It only matters what works for you.

With a title like that, the first thought might be dieting and weight loss. I’ve certainly felt like that many, many, oh so very many times in my life. But this is worse than that.

Let’s talk about food allergies.

Food allergies are exhausting.

Have you ever gone to a scrumptious buffet, and left hungry, not because of any will power or intentional self sacrifice, but because there was nothing you could safely eat?

How long does it take you to figure out a restaurant to stop at after a busy day?

Once upon a time, when I was young and callous, I knew a woman who ‘claimed’ to have food allergies, and she was allergic to a great many basic staples. And I thought she was making it up. Or at least fussing over No Big Deal. We took to calling her “one of those people who doesn’t eat food.”

And now, of course, I am one of those people, and I want to go back and give my young self a talking too. She didn’t mean to be unkind, exactly, but it was so far outside her experience that it didn’t seem real.

Perhaps you are one of those people. If you are, please give me a minute to explain.

Have you ever traveled to a place where it wasn’t safe to drink the water? And you not only had to find bottled water everywhere, you had to remember to always have a bottle in your hotel room so you could brush your teeth? And you had to remember to only eat vegetables that had a peel, because greens and things like that are washed in the local unsafe water?

It’s a little like that.

Any time you eat out, especially at a new place, it’s like spinning a roulette wheel. Especially when your allergy is something ubiquitous like gluten, or something deadly, like shellfish or peanuts. You can order carefully. You can tell the server to ask the kitchen. You can hope that the server will actually ask, and the kitchen will both know and answer honestly. And it’s still giving the wheel a big old spin.

The more allergies you have, the likelier you are to have a problem with something.

I have a lot. My options are limited. I have a very short list of local restaurants that I’ve vetted, taking the risk of feeling awful for a full week to see if it’s safe. My poor husband supports me in my quest for safe food, but I know he loves business trips where he can just go eat without having to study the menu, call the manager, and pray.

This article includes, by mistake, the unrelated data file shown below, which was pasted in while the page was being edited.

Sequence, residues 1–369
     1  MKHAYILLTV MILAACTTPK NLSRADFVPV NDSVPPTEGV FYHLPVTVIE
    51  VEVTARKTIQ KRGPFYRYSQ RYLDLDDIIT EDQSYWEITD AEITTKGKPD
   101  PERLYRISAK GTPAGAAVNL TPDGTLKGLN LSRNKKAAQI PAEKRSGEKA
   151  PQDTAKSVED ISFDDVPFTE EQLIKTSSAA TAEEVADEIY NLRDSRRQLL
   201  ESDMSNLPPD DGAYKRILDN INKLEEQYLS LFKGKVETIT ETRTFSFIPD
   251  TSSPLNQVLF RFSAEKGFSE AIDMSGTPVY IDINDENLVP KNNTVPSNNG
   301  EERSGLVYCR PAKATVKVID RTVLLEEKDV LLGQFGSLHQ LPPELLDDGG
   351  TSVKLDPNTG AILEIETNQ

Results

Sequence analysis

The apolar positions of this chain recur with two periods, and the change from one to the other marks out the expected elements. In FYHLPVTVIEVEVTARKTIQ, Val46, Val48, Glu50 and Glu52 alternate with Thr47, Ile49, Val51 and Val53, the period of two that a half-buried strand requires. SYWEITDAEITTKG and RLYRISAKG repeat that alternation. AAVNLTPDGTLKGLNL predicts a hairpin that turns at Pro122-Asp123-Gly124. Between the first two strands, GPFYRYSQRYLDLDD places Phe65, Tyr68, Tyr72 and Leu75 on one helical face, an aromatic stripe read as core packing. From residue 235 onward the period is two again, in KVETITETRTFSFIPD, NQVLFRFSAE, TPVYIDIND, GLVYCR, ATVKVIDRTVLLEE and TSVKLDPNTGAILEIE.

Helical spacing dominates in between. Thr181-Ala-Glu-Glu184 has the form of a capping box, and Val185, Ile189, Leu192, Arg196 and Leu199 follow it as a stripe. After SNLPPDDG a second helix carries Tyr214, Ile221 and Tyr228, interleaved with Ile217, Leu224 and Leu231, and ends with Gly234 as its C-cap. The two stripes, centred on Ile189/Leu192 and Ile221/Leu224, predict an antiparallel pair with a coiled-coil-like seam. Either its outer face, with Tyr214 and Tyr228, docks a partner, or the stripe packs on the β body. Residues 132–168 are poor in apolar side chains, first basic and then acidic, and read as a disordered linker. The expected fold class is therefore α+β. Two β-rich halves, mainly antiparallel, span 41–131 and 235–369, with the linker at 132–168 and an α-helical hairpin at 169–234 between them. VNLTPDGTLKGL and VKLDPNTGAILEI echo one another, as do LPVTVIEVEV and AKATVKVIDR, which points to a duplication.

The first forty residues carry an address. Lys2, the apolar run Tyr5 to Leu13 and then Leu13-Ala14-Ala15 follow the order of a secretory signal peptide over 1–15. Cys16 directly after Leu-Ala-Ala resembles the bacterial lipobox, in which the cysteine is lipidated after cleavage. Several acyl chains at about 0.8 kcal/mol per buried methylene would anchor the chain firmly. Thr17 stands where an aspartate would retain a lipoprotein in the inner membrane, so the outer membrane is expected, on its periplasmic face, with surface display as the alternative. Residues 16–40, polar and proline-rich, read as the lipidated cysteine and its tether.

I usually just eat at home from my short list of reliable, sensible food. Which means an awful lot of cooking from scratch. No convenience foods.

I’m a better than average cook, but there are so many times when I really, really can’t face my own cooking, but there aren’t really any better options either.

I suppose this can be classed as a first world problem. Much like dieting, it’s about being faced with food you can’t eat, instead of the much harsher problem of there being actually no food. I’m not confused about that.

But since we (I at least) live in first world environments with computers and internet and ridiculous amounts of food, it’s a very real problem.

It makes me tired.


Comments on: "When food can’t be trusted" (2)

  1. I know what you mean. I find it equally exhausting and often just end up not eating, period. That used to be the point when sometimes I’d say F- it and order a pizza, but now that this basically almost KILLS me, I can’t get away with that anymore. In my city there was only one place that I could eat — and all I could have was a milkshake or a burger sans bun. Now the burger is filled with gluten binder and something about the shake wrecks my digestion (their ice cream sold in containers, and their milk, has no such effect, so it’s something in the cheap version of IC they’re using specific to their ‘fast food’ area). So now there is.. possibly nothing. I think I can get steak and eggs from a restaurant but I have to go get it and frankly with all the MSG in the steak I could just make my own. It used to be hard learning to live lowcarb, but the whole leaky gut thing — resulting in my not being able to breathe from lung reactions (asthma, etc.) — has made the whole topic of eating kind of a nightmare.

    • I’ve found that I can usually eat in ethnic restaurants around here, if they are truly ethnic. Other countries don’t put weird additives and fillers in their food, it’s just food. As long as I stay away from the breads and desserts, I actually have options. We’re also a hotbed of the gourmet burger and I’ve been excited to see that gluten free buns and handling procedures are all the rage for them.

      Now that Ry is older you should really look at moving to a place with real doctors and real food options. It is so horrible that you are trapped in a place where you literally *can’t* get real food, even to shop for it.

      I am sad. We had a place here that made pizza with real fresh ingredients and had a very nice gluten free crust and the kind of fake cheese I can actually eat. They just went out of business.

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